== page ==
Like-Jacking is the trick where users are tricked into clicking “like” via the like button being hidden behind an image. Often, spammers will say “To prove you’re human, click on the red button and blue button” or something along those lines. These misleading tactics have increasingly been used on Facebook Pages.
Hidden behind one image is the like button and behind the other is the share button. Users who fall for that inadvertently broadcast their endorsement to all their friends. Name your page something provocative (This guy went way too far with his girlfriend, Cops don’t want to you see this video, You’ll never eat at KFC again, etc…) and you’ll have enough plausibility to go viral.
The example deconstructed here went from 80,000 likes to 110,000 likes in a matter of 3-4 hours. There are others, as this code is readily available to anyone who wishes to spam. It’s even reasonably well-commented. We’ve seen these Like-Jackers get a few hundred thousand likes in a couple days, until finally Facebook shuts it down. In a recent panel discussion, Matt Kelly of Facebook acknowledges this technique and how it’s against the Facebook Terms of Service.
As you can see from this 5 step process, users must click a button to enable loading of an iframe into the tab, and then are tricked into clicking on buttons that have opaque like buttons hidden directly beneath them. We’ve modified the code to reveal the like button hidden behind the opaque shape.
So if you ever see a page asking you to “prove” or “verify” something, just don’t do it. What’s even more evil is that the like button can be hidden behind anything that exists off Facebook– it’s not just on Facebook pages. Any image on the web can potentially have a like button hidden behind it. This is the primary technique behind the rise of like farms.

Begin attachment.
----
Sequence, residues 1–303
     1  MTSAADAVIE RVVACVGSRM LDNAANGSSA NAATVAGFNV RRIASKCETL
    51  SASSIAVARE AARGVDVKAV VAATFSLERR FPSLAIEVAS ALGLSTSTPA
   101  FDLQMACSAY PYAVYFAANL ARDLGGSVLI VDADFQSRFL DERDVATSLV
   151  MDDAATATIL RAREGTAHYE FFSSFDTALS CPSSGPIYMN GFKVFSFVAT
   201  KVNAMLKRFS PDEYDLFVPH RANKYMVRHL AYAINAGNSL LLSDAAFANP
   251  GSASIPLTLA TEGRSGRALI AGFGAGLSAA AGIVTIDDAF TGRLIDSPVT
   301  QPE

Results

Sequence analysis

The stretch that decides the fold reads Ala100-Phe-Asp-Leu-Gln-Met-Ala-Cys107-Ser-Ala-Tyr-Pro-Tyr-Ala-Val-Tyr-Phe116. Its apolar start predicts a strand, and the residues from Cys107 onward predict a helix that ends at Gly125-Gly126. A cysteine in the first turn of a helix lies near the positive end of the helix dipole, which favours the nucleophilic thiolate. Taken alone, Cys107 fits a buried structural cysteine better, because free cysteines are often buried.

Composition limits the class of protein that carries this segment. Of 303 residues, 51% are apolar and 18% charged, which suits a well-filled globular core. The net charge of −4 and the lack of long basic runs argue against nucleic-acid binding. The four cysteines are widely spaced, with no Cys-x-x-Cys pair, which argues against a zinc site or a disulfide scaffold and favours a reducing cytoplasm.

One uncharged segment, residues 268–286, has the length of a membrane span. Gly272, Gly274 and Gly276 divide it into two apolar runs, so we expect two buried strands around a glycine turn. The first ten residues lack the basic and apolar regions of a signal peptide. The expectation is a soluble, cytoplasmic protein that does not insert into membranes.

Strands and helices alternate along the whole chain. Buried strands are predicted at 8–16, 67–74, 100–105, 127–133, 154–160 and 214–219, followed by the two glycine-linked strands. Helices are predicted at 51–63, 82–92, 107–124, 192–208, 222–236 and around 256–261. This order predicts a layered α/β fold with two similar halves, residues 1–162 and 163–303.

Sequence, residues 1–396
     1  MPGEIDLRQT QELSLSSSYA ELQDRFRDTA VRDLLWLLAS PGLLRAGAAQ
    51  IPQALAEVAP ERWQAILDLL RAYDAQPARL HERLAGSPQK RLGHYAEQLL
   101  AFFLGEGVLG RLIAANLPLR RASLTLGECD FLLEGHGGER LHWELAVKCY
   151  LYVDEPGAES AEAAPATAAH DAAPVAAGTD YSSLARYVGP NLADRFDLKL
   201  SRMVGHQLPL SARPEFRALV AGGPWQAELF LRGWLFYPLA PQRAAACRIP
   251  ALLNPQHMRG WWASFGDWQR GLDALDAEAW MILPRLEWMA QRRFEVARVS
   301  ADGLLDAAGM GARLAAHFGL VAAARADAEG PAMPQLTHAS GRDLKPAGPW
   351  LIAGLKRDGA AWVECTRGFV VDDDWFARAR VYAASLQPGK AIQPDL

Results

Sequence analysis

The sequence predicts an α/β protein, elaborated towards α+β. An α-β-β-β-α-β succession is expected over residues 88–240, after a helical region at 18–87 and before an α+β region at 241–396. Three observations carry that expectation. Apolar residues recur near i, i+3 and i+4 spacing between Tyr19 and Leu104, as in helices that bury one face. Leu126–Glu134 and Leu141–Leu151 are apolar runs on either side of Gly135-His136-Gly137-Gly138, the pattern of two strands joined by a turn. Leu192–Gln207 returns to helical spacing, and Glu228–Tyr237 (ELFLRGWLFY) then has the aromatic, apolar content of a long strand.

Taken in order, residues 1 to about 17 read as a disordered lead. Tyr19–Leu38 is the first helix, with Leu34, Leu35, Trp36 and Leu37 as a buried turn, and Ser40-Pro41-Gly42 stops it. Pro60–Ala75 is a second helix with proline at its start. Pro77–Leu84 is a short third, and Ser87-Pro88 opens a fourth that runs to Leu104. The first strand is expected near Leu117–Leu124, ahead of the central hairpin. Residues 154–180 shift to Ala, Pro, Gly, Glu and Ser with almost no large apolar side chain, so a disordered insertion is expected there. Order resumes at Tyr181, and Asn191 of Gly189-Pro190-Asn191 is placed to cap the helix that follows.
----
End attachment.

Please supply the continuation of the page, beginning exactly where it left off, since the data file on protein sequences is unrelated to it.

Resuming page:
Facebook has told us that they’re working on a solution for this– relying on algorithmic and user-initiated actions. Certainly they have the data to be able to tell when viral growth is legitimate vs via an under-handed technique. They can simply look at how many users are participating in the discussion, using Post Quality Score and EdgeRank to see what proportion of users are interacting. Too low and it’s clear sign of inadvertent liking.
Dennis Yu has helped brands grow and measure their Facebook presences. He has spoken at Search Marketing Expo, Search Engine Strategies, Web 2.0, The American Marketing Association, PubCon, Conversational Commerce Conference, Pacific Conferences, HostingCon, Affiliate Summit, Affiliate Convention, UltraLight Startups, MIVA Merchant, and other venues. Yu has also counseled the Federal Trade Commission on privacy issues for social networks. Yu has held leadership positions at Yahoo and American Airlines. His educational background is finance and economics from Southern Methodist University and London School of Economics. He does not condone like-jacking or other such techniques, nor practice such methods. If you have questions about Facebook advertising, you can reach Dennis at firstname.lastname@example.org.